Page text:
The Articulation of Taqiyya
Qur’anic verse 3:28 is often seen as the primary verse that sanctions deception towards non-Muslims: “Let believers [Muslims] not take infidels [non-Muslims] for friends and allies instead of believers. Whoever does this shall have no relationship left with God–unless you but guard yourselves against them, taking precautions.”
Muhammad ibn Jarir at-Tabari (d. 923), author of a standard and authoritative Qur’an commentary, explains verse 3:28 as follows:
If you [Muslims] are under their [non-Muslims’] authority, fearing for yourselves, behave loyally to them with your tongue while harboring inner animosity for them … [know that] God has forbidden believers from being friendly or on intimate terms with the infidels rather than other believers–except when infidels are above them [in authority]. Should that be the case, let them act friendly towards them while preserving their religion.
Regarding Qur’an 3:28, Ibn Kathir (d. 1373), another prime authority on the Qur’an, writes, “Whoever at any time or place fears … evil [from non-Muslims] may protect himself through outward show.” As proof of this, he quotes Muhammad’s close companion Abu Darda, who said, “Let us grin in the face of some people while our hearts curse them.” Another companion, simply known as Al-Hasan, said, “Doing taqiyya is acceptable till the Day of Judgment [i.e., in perpetuity].”
Other prominent scholars, such as Abu ‘Abdullah al-Qurtubi (1214-73) and Muhyi ‘d-Din ibn al-Arabi (1165-1240), have extended taqiyya to cover deeds. In other words, Muslims can behave like infidels and worse–for example, by bowing down and worshiping idols and crosses, offering false testimony, and even exposing the weaknesses of their fellow Muslims to the infidel enemy–anything short of actually killing a Muslim: “Taqiyya, even if committed without duress, does not lead to a state of infidelity–even if it leads to sin deserving of hellfire.”
Deceit in Muhammad’s Military Exploits
Muhammad–whose example as the “most perfect human” is to be followed in every detail–took an expedient view on lying. It is well known, for instance, that he permitted lying in three situations: to reconcile two or more quarreling parties, to placate one’s wife, and in war. According to one Arabic legal manual devoted to jihad as defined by the four schools of law, “The ulema agree that deception during warfare is legitimate … deception is a form of art in war.” Moreover, according to Mukaram, this deception is classified as taqiyya: “Taqiyya in order to dupe the enemy is permissible.”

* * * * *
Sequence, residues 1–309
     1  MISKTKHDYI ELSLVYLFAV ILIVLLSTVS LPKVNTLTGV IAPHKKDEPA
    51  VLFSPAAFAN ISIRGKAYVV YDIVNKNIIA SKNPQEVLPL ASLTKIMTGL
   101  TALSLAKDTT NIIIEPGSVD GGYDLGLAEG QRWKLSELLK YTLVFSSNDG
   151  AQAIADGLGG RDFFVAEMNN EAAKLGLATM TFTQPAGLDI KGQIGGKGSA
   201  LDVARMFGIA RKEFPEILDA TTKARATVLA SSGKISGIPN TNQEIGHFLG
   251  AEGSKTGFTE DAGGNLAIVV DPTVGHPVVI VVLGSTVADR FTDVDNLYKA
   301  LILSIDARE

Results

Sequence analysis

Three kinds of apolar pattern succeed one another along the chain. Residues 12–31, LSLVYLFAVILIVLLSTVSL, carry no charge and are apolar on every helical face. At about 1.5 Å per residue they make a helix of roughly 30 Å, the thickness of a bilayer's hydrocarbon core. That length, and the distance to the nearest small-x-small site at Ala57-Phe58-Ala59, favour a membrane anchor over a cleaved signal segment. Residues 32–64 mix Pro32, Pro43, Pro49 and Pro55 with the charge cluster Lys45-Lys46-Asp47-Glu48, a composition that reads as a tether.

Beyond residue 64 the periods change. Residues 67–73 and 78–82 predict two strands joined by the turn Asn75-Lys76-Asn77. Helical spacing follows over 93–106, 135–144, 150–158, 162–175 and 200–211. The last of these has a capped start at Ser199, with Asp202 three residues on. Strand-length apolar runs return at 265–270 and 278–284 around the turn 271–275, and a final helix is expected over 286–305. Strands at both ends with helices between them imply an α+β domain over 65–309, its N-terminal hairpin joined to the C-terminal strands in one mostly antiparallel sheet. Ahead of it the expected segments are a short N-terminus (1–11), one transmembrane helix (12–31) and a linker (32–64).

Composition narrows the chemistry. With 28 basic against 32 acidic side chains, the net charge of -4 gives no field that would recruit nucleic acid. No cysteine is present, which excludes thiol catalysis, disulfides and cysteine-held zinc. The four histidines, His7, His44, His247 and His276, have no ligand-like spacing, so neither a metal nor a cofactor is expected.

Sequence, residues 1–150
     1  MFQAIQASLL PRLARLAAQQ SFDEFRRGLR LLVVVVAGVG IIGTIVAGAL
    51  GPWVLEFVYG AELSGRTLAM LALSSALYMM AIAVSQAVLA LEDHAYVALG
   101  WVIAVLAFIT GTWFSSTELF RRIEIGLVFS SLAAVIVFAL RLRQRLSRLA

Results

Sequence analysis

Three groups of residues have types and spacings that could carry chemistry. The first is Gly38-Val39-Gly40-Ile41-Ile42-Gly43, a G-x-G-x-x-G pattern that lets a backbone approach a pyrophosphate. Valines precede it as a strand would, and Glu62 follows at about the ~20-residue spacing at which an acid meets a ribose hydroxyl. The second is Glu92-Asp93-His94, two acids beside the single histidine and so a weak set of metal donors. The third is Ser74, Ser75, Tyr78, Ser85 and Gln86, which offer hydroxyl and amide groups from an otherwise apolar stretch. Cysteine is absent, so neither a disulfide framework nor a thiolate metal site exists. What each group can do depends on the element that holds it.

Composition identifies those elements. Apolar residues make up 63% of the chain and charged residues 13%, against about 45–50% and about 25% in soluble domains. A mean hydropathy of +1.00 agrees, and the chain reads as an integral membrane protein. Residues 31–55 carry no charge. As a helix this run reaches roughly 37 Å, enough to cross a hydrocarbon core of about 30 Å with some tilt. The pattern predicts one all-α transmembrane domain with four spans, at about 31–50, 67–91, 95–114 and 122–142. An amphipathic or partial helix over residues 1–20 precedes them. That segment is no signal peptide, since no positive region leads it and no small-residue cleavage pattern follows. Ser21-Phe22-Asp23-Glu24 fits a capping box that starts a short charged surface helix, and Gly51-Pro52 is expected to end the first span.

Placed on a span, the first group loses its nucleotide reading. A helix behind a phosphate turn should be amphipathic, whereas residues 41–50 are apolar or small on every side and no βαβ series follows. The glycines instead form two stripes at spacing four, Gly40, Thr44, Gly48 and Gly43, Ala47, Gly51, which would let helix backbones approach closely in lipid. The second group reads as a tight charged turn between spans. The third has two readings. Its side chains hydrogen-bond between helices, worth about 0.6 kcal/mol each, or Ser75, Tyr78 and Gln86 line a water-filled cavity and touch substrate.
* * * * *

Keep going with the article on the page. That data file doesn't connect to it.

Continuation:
Several ulema believe deceit is integral to the waging of war: Ibn al-‘Arabi declares that “in the Hadith [sayings and actions of Muhammad], practicing deceit in war is well demonstrated. Indeed, its need is more stressed than the need for courage.” Ibn al-Munir (d. 1333) writes, “War is deceit, i.e., the most complete and perfect war waged by a holy warrior is a war of deception, not confrontation, due to the latter’s inherent danger, and the fact that one can attain victory through treachery without harm [to oneself].” And Ibn Hajar (d. 1448) counsels Muslims “to take great caution in war, while [publicly] lamenting and mourning in order to dupe the infidels.”
This Muslim notion that war is deceit goes back to the Battle of the Trench (627), which pitted Muhammad and his followers against several non-Muslim tribes known as Al-Ahzab. One of the Ahzab, Na’im ibn Mas’ud, went to the Muslim camp and converted to Islam. When Muhammad discovered that the Ahzab were unaware of their co-tribalist’s conversion, he counseled Mas’ud to return and try to get the pagan forces to abandon the siege. It was then that Muhammad memorably declared, “For war is deceit.” Mas’ud returned to the Ahzab without their knowing that he had switched sides and intentionally began to give his former kin and allies bad advice. He also went to great lengths to instigate quarrels between the various tribes until, thoroughly distrusting each other, they disbanded, lifted the siege from the Muslims, and saved Islam from destruction in an embryonic period. Most recently, 9/11 accomplices, such as Khalid Sheikh Muhammad, rationalized their conspiratorial role in their defendant response by evoking their prophet’s assertion that “war is deceit.”
A more compelling expression of the legitimacy of deceiving infidels is the following anecdote. A poet, Ka’b ibn Ashraf, offended Muhammad, prompting the latter to exclaim, “Who will kill this man who has hurt God and his prophet?” A young Muslim named Muhammad ibn Maslama volunteered on condition that in order to get close enough to Ka’b to assassinate him, he be allowed to lie to the poet. Muhammad agreed. Ibn Maslama traveled to Ka’b and began to denigrate Islam and Muhammad. He carried on in this way till his disaffection became so convincing that Ka’b took him into his confidence. Soon thereafter, Ibn Maslama appeared with another Muslim and, while Ka’b’s guard was down, killed him.